Woman catches fire during c-section, loses case against doctor
"The hospital’s settlement amount represented a fair, 50 per cent responsibility, and I thought the doctor was 50 per cent responsible" ... Kira Reed
It’s something most pregnant women wouldn’t even think to worry about: having your stomach catch on fire during a caesarean. But that’s the nightmare one American woman faced when giving birth to her daughter in a New York hospital two years ago.
And this week, the mum of two failed to win a negligence suit against the obstetrician she felt was partly responsible for the fire.
This should not have happened. The lady came in to have a baby. She did not come in to have third degree burns
On March 12 2010, Kira Reed was admitted to Crouse Hospital to give birth to her second child via caesearean. She’d already been given a local anesthetic and her obstetrician, Dr Stephen Brown, had made the incision when Reed noticed an odd smell.
Burn victim ... Kira Reed and her daughter, Rayna, today.
“It did not smell like anything recognisable,” Reed told her local newspaper in Syracuse, NY.
Reed says that when she told the medical staff that it smelled like something was burning, she was reassured nothing was wrong. Then her mother, who was beside her, said she could see smoke.
That’s when Dr Brown saw a flame on her left side, and patted it out with his hand.
“Oh, there’s nothing to worry about. There’s been a little fire,” Dr Brown was reported to say.
Reed went on to give birth to a healthy baby girl she named Rayna, but was left with a painful third-degree burn that measured 17cm by 12cm on her side. A plastic surgeon who later treated the injury described the burn as similar to those he’d seen on napalm victims.
It's thought that the fire had started when Dr Brown began using an electrical cauterising tool after the area had been cleaned with the alcohol-based antiseptic DuraPrep.
A month earlier DuraPrep had sent warnings to hospitals, letting them know that allowing the fluid to soak into patients’ hospital gowns, or letting it pool on or around the patient, could pose a fire risk. The anaesthesiologist later testified that Reed’s gown had been wet with what could have only been the antiseptic liquid.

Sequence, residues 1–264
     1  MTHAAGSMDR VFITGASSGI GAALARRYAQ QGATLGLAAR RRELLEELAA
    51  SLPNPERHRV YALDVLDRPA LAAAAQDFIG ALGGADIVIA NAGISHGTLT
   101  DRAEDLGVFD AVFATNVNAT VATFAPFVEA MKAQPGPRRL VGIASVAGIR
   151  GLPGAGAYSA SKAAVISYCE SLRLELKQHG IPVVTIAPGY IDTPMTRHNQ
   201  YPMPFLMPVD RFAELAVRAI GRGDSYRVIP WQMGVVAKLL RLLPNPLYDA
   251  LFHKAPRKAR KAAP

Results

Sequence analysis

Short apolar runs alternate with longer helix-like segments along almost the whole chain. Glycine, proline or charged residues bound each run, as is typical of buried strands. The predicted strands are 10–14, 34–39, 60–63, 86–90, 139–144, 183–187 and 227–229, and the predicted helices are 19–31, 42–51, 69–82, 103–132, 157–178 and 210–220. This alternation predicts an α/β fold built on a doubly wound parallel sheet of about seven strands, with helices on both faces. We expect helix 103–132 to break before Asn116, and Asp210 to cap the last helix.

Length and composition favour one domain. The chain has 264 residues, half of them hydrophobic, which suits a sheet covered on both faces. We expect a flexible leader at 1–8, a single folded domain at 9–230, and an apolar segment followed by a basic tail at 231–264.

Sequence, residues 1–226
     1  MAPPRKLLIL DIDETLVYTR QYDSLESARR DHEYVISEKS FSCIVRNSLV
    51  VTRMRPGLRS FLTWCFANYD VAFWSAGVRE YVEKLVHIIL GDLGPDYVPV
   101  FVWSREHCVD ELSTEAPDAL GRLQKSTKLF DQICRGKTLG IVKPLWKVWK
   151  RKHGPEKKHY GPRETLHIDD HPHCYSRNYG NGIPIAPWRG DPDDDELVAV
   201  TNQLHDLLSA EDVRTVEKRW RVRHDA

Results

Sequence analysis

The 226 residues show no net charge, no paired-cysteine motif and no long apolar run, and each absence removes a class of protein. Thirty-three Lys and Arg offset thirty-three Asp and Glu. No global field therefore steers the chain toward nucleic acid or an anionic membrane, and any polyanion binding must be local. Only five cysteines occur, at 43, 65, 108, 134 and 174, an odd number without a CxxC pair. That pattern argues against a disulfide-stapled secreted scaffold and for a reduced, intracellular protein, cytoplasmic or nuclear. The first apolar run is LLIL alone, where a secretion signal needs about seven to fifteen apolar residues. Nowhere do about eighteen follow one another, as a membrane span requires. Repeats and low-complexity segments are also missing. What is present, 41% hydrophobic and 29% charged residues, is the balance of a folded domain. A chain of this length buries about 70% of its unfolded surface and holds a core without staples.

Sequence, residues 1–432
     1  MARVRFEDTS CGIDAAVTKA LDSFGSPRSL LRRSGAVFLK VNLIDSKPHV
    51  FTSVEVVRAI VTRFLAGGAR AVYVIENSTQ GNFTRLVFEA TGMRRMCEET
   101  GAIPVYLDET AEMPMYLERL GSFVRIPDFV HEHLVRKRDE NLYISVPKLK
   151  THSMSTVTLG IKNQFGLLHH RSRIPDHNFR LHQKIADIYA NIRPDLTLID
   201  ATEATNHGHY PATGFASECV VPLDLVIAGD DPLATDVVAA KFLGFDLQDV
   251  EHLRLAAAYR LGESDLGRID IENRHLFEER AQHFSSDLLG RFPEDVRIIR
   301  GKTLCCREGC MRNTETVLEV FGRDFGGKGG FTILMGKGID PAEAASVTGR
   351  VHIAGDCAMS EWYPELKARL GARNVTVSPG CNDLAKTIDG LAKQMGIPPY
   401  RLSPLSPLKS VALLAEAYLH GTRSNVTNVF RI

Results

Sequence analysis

But staff members said they hadn’t been trained in preventing DuraPrep fires.
“Before this, I didn’t realise fire was even an issue with DuraPrep,” one of the nurses said in court.
Reed, a 42-year-old business professor, sued the hospital and Dr Brown for malpractice. The hospital took full responsibility, but didn’t admit negligence.
“The hospital was horrified,” a spokesperson said. “This should not have happened. The lady came in to have a baby. She did not come in to have third degree burns on her lower abdomen.”
Reed settled with the hospital for an undisclosed amount a few months ago, but continued with a case against her obstetrician because, she said, “The hospital’s settlement amount represented a fair, 50 per cent responsibility, and I thought the doctor was 50 per cent responsible”.
In court, Dr Brown denied seeing any evidence that the DuraPrep had been used incorrectly. He claimed that he wasn’t at fault as he hadn’t been responsible for preparing Reed for surgery.
After consideration, the jury ruled in favour of Dr Brown.
According to Mark Bruley, an expert in surgical fires, such events in the US are rare - there are 400-600 incidents in the 50 million or so surgeries that take place each year. Only around 4 per cent of those involve skin preparation solutions, as most are caused by anaesthetic gases catching fire.
A 2011 report by by The Victorian Surgical Consultative Council stated that "reports of fire in Australian hospitals are sporadic", with around 40 per year expected in Australia and New Zealand.